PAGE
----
and scaled—become a self-standing, profitable industry with a €1.5 billion to €2.2 billion annual profit pool by 2030. The textile recycling value chain could create a new valuable raw material that enables more apparel production in Europe, which may lead to additional value creation above what is quantified in this report.

Beyond the direct economic benefits, scaling textile recycling unlocks several environmental and social benefits. For example, in our base-case scenario around 15,000 new jobs could be created and CO2 emissions could be reduced by around four million tons – equivalent to the cumulative emissions of a country the size of Iceland. By quantifying into monetary terms several other impact dimensions like the secondary effects to GDP from job creation, CO 2 e emission reduction, and water- and land-use reduction, our analysis shows that the industry could reach €3.5 billion to €4.5 billion in total annual holistic impact by 2030 – coming to an annual holistic impact return on investment of 55–70 percent (Exhibit 2).

Exhibit 2
Scaling textile recycling in EU-27 and Switzerland to the base-case scenario could yield an annual holistic impact of 3.5 billion to 4.5 billion in 2030.

Total potential annual holistic impact by type and source of impact for EU-27 and Switzerland, million


1. Based on a price that is comparable to the price of the virgin equivalent whenever virgin quality is achieved, and a price with 30% discount compared to the price of the virgin equivalent when quality degradation occurs. Operating-expenditure and capital-expenditure estimates are from McKinsey analysis. The upper range of profit assumes green premium of 25%.
2. FTE-estimates from McKinsey analysis and industry experts; average annual earnings of 26,000 assumed (Source: Eurostat, 2021); fiscal multiplier of 0.67 assumed, meaning that 1 in wages increases economic growth by 67 cents (Source: European Central Bank; International Monetary Fund).
3. The impact potential of all chemical usage improvements has not been quantified separately but could be substantial.
4. Water consumption estimate of ~600m3 water/ton fiber output, average all fibers (source: Mistra Future Fashion [summarizing various data points]); water price estimate: average of estimates in India and Bangladesh (source: “Dhaka WASA raises water price by 24.97% for households,”, February 2020).
5. Mistra Future Fashion (summarizing various data points); McKinsey analysis for recycling technologies; Higg MSI; carbon cost: European Union Emissions Trading System (EU ETS).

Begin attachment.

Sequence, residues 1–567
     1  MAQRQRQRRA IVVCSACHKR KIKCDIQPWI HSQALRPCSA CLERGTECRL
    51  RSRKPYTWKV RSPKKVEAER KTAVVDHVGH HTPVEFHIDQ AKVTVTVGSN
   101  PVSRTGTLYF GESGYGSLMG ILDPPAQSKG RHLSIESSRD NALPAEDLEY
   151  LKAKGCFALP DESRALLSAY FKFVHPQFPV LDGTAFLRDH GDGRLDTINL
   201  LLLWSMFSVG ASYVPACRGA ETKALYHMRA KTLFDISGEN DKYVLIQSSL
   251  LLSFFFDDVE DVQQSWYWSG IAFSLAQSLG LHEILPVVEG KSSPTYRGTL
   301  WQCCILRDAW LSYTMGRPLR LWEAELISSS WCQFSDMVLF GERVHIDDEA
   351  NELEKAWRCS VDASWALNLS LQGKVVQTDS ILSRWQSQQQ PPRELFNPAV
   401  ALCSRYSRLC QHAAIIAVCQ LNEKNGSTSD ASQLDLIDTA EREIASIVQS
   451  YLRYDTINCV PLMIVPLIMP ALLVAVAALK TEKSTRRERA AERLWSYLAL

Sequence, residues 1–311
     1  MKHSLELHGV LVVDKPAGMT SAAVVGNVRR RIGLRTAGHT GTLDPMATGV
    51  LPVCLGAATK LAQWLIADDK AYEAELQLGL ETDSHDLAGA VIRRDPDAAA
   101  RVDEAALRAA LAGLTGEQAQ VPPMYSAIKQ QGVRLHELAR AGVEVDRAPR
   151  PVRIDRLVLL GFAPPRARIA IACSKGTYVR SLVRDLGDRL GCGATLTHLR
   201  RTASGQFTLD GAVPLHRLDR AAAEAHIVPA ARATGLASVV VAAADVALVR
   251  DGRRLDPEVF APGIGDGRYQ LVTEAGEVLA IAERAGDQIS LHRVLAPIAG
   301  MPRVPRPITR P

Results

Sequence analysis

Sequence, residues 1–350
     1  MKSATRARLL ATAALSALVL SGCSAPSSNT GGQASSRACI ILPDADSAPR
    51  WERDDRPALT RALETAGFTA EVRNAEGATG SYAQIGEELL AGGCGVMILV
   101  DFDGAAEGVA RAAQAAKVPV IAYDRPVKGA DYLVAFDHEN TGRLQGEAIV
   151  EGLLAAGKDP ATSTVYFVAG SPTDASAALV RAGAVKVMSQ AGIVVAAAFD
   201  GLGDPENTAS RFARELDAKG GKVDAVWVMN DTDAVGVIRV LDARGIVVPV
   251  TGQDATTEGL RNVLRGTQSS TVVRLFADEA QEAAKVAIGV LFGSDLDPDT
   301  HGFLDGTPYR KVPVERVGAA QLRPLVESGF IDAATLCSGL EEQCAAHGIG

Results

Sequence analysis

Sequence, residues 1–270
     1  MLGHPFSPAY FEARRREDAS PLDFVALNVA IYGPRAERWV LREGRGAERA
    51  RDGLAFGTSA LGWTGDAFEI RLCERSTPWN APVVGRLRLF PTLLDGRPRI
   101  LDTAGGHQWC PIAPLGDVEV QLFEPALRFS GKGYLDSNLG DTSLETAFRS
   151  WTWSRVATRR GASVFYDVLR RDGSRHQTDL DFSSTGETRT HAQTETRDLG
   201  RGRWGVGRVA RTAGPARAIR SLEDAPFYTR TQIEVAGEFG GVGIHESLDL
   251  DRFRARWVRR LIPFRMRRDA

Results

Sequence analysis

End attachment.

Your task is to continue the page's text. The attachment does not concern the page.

6. ~2 hectar/ton fiber output, average all fibers (source: Stockholm Environmental Institute); land rental price estimate: ~140/hectare, representing average of EU and low-cost country land prices (source: Eurostat and
7. The combined holistic impact—across the dimensions calculated—as a share of the total capital-expenditure investments needed across all the value chain steps

To capture this opportunity, collaboration and innovation will be key. The identified bottlenecks preventing scale are significant and will require
several stakeholders to act boldly. Textile recycling in Europe will not reach a favorable state by 2030 unless major action is taken quickly. This report identifies five main ingredients for success.

  • Critical scale. The textile recycling value chain cannot function at small scale. Critical scale across the value chain is required to provide sufficient feedstock 2 to the necessary fiber-to-fiber recycling technologies, and to allow for those recycling technologies to operate at scale. Therefore, the industry must set bold scaling targets and meet
  • Real collaboration. Several of the main challenges ahead are best solved in a highly collaborative manner. Business leaders across the value chain,  investors, and leaders of public institutions would need to come together in an unprecedented way to engage in a highly operational joint effort to overcome the barriers to scale.
  • Transition funding. Although our analysis indicates that the textiles recycling industry could – once it has matured and scaled – become self-standing and profitable, transition funding will be needed in the near term. Examples of such funding include subsidies (potentially Extended Producer Responsibility [EPR] funding) and a green premium (potentially shared by brands and consumers). Public- private solutions may be needed.
  • Investments. Several parts of the value chain must be built out almost from scratch, which requires significant capital expenditure. Our analysis indicates that sufficient economic value can be realized to make up for the required risk. Private investors would lead this journey by taking initiative to finance building out the value chain.
  • Public sector push. Leaders of public sector institutions would have to help drive textile recycling. Measures include driving up collection rates, limiting the export of unsorted textile waste, engaging in demand stimulation, creating harmonized frameworks for increased circularity, as well as
    other initiatives.

Fiber-to-fiber recycling at scale can help address Europe’s waste problem by turning waste into value. The European apparel and textile industry can start expanding the required infrastructure for collection, sorting, and closed-loop recycling today. This report establishes the opportunity at stake for textile circularity and highlights actions required to capture it. Furthermore, we hope this report can be a foundation for further research and collaboration to establish textile recycling at scale in Europe.

Read more at the full report.